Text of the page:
After some research, I learned that this frog is actually a gray tree frog that can change color slightly to fit its surroundings. They live their whole lives in trees, only coming to the ground to mate in the Spring or to hibernate in winter.
So I shared the story of the frog's discovery with the children at our end of the morning circle (see earlier post about morning meetings!). We wanted help with thinking about how the frog got into our sink. Lisa and I were engaged in magical thinking- maybe a plastic frog came alive! But we kept our idea to ourselves so that our students could generate their own theories.
|Many students have created small forests with natural|
materials for our small classroom friends: earthworms,
snails, and now our tree frog.
Here is the list of theories for how our frog arrived in our sink:
He came up the drain in the sink. (We now know the frog is a she)
He hopped all the way up the building and came in the window to the sink (the window is right above the sink, too)
Downstairs, a robber sneaked him up here and dropped him in the sink when the police came
It climbed up the wall, over the ceiling, and fell in the sink
It climbed up the fire escape and came into the window and then into the sink
He has sticky feet to climb up a building wall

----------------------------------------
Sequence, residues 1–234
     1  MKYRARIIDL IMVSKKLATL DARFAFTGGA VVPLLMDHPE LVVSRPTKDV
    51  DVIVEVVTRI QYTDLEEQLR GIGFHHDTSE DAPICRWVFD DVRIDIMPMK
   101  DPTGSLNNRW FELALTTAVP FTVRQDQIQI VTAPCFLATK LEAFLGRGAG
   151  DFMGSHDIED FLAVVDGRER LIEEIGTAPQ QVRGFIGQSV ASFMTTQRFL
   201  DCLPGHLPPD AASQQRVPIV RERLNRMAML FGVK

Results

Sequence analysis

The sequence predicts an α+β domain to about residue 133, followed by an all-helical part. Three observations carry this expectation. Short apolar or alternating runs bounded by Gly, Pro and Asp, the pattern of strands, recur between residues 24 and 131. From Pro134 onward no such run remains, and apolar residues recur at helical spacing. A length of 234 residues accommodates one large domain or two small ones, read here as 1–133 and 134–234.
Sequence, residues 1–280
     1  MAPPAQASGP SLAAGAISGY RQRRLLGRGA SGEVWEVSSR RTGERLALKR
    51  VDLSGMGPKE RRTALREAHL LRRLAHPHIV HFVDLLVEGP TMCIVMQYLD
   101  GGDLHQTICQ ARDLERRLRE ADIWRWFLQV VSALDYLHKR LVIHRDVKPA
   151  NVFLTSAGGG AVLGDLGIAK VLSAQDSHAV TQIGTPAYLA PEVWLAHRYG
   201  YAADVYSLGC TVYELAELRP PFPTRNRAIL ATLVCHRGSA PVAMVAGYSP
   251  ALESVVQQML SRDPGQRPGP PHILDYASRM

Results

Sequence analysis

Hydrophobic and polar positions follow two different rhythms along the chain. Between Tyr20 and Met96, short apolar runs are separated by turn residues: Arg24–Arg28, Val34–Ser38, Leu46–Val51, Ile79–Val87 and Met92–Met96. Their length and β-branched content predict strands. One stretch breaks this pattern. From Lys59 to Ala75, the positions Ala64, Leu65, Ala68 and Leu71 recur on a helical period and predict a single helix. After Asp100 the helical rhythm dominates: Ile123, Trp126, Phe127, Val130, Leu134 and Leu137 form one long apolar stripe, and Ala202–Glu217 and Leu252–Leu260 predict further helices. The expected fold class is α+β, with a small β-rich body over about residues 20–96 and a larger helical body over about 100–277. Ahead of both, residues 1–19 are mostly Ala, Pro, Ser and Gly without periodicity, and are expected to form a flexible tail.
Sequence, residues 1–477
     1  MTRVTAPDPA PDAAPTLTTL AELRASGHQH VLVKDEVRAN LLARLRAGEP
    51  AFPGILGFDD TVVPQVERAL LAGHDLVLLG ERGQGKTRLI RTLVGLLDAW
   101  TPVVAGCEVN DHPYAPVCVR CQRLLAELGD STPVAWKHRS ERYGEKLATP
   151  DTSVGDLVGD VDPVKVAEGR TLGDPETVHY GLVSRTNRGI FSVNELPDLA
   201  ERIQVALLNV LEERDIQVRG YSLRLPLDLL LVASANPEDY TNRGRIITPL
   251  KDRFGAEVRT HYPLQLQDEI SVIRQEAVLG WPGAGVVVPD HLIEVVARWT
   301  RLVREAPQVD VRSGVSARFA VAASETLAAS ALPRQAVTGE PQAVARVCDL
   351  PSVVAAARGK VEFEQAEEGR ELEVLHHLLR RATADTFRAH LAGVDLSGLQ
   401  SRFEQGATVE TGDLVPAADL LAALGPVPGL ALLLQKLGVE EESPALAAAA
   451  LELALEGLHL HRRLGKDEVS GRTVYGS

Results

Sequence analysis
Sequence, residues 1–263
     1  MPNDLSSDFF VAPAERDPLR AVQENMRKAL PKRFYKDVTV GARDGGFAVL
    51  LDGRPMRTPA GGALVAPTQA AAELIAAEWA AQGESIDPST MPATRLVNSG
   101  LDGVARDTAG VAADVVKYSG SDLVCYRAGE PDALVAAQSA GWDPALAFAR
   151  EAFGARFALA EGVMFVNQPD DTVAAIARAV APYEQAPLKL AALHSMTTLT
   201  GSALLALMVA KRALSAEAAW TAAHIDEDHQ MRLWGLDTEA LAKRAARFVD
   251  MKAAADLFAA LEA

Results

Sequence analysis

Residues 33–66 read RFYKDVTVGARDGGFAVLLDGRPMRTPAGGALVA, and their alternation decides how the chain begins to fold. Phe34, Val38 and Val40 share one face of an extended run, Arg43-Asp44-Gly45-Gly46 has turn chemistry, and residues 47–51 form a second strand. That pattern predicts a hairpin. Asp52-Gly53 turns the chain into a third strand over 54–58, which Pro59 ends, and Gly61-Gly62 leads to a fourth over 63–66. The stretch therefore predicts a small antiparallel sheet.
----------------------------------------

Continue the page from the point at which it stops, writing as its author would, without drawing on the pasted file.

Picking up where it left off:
In reflection, the children's theories were pretty heavily scientific, or practical, except the one about the robber (and that was a fun story!). They seem to understand something about frogs, and how they navigate the world. We've never had a "lesson" on frogs- that's not how we operate. But we can think together about this frog and clearly the Rainbow Room students have a strong sense about frogs already.
Perhaps they have connected the dots between what they have heard or read or seen about frogs or other small animals and what drives an animal to resort to a human dwelling. I can see critical thinking at work here. And creativity. The opportunities for thinking and learning about our world are all around us, even in our classroom sink.
|Our female gray tree frog, now a classroom pet|